Istock Ninety to 95 per cent of the vitamin D in your body comes from sun exposure.

You know vitamin D is important for your health, and you’ve likely read that hardly anyone gets enough of it.

Many studies suggest that maintaining the amount of D recommended by the National Institutes of Health — 30 to 50 nanograms per millilitre in your blood — can help ward off high blood pressure, multiple sclerosis, fibromyalgia, diabetes, depression, some cancers and muscle weakness.

So how do you keep up a healthy level of vitamin D?

The best way is exposure to the sun in warmer months. “Ninety to 95 per cent of the vitamin D in your body comes from sensible sun exposure,” Dr. Michael F. Holick, professor of medicine, physiology and biophysics at Boston University School of Medicine, says.

Skin needs to be exposed directly to the sun for your body to make vitamin D. A product with SPF 30 decreases your ability to make vitamin D by 95 per cent. Because dermatologists have been telling us for decades to never expose unprotected skin to the sun’s cancer-causing rays, many people are understandably confused about how to get enough vitamin D from sun exposure.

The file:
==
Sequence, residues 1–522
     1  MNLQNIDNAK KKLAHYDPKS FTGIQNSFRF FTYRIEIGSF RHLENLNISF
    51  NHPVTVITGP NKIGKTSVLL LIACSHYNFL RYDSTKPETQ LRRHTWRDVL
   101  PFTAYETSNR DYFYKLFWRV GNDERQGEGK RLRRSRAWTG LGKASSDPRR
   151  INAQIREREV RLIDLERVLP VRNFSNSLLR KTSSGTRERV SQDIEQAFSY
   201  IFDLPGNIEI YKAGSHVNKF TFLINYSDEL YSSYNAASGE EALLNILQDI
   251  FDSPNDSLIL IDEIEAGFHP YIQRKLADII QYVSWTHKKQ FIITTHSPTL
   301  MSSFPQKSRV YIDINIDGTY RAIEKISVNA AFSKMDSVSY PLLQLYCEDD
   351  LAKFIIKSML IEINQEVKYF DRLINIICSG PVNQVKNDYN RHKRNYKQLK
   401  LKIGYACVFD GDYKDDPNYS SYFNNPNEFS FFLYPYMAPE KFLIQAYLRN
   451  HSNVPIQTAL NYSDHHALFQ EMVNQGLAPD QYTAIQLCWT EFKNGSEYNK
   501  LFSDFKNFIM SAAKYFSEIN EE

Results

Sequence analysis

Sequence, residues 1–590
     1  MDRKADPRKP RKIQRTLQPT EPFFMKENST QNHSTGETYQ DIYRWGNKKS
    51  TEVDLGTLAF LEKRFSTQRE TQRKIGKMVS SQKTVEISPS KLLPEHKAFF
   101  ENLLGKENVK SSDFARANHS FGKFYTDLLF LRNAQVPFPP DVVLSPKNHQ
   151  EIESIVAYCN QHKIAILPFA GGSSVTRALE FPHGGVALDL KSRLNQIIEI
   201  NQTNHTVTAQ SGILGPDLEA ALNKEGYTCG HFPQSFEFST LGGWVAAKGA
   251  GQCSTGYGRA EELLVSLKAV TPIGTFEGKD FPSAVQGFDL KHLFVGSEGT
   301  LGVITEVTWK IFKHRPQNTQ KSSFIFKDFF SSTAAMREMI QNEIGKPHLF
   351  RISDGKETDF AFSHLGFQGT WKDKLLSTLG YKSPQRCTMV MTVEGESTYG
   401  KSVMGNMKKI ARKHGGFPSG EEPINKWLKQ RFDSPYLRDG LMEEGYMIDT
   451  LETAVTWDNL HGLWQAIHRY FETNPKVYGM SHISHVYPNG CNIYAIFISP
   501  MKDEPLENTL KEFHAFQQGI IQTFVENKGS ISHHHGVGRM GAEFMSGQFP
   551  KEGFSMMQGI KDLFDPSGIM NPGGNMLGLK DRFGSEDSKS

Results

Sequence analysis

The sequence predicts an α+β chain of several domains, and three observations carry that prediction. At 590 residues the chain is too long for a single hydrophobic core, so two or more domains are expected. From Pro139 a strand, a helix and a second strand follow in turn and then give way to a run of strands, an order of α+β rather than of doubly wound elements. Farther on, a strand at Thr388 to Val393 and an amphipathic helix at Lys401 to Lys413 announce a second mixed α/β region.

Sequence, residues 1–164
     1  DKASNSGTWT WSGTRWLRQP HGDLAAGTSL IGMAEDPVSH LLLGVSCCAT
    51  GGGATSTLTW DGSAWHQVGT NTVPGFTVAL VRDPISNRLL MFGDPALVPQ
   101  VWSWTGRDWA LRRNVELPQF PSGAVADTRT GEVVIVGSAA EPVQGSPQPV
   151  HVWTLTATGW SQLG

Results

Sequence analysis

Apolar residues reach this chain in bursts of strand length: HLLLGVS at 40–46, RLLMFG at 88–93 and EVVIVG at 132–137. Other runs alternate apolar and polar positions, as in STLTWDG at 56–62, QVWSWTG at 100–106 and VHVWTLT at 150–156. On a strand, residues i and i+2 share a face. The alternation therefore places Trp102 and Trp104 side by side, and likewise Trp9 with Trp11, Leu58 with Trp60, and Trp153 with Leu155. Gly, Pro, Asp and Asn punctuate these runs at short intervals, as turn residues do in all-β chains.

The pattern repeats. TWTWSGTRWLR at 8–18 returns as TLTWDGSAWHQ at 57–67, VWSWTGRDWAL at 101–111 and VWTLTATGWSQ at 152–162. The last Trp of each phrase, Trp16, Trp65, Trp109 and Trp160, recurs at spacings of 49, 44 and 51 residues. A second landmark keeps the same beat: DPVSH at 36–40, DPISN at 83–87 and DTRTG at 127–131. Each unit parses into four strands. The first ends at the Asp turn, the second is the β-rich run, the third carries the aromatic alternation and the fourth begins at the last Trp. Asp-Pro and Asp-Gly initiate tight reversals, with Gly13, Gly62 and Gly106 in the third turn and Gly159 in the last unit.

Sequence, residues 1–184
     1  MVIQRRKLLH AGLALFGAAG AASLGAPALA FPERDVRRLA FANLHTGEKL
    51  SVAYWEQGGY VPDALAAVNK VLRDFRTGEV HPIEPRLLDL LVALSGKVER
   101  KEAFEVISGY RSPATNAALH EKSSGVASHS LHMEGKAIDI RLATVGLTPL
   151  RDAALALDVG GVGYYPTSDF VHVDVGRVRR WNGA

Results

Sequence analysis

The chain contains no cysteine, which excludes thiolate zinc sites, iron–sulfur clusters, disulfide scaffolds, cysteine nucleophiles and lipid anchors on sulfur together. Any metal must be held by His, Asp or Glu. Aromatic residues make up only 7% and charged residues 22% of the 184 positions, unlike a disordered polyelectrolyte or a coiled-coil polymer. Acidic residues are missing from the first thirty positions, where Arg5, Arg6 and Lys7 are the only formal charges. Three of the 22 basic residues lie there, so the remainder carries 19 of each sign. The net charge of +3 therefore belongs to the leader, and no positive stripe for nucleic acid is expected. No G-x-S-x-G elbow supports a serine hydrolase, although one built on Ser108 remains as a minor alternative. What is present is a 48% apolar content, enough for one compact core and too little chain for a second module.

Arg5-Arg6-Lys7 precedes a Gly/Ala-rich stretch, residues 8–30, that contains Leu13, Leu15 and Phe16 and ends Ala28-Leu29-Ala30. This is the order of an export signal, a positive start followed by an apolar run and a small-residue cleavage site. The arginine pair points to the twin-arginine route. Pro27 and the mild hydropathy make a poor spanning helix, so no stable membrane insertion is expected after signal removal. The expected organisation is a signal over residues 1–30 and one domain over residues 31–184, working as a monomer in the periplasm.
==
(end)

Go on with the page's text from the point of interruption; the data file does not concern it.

“For some people, it could be 10 minutes, for others it can be 15,” says Dr. Houman Danesh, director of integrated pain management at Mt. Sinai in New York City.

How can you get enough vitamin D from the sun during winter? Your body will access the vitamin D in your fat cells, and because most people don’t get enough sun to make this crucial vitamin year-round, taking a supplement can also help.

Although the Institute of Medicine recommends 400 to 600 IUs of vitamin D for children and 600 to 800 for adults, Holick recommends 600 to 1,000 for kids, and as much as 2,000 to 4,000 IUs daily for adults. Pregnant and lactating women and the obese need more. Breast milk doesn’t contain vitamin D, so Holick says that even breastfeeding infants need a daily supplement.

It’s also impossible to get all the vitamin D you need from food. You would need to eat wild-caught salmon and other fatty fish such as mackerel and herring every day to get enough D. Vitamin D is added to many foods, such as milk, juice and cereal, however, and mushrooms can be irradiated with good amounts of vitamin D as well.

Because of conflicting recommendations and research about what vitamin D actually does, “doctors are struggling with who to check, if they should check and when to check vitamin D levels,” says Dr. Robert Graham, an internist at Lenox Hill Hospital in New York City. “But I would argue that you need to get tested first to know at what level you are starting with, and figure out how much you need to supplement from there.”

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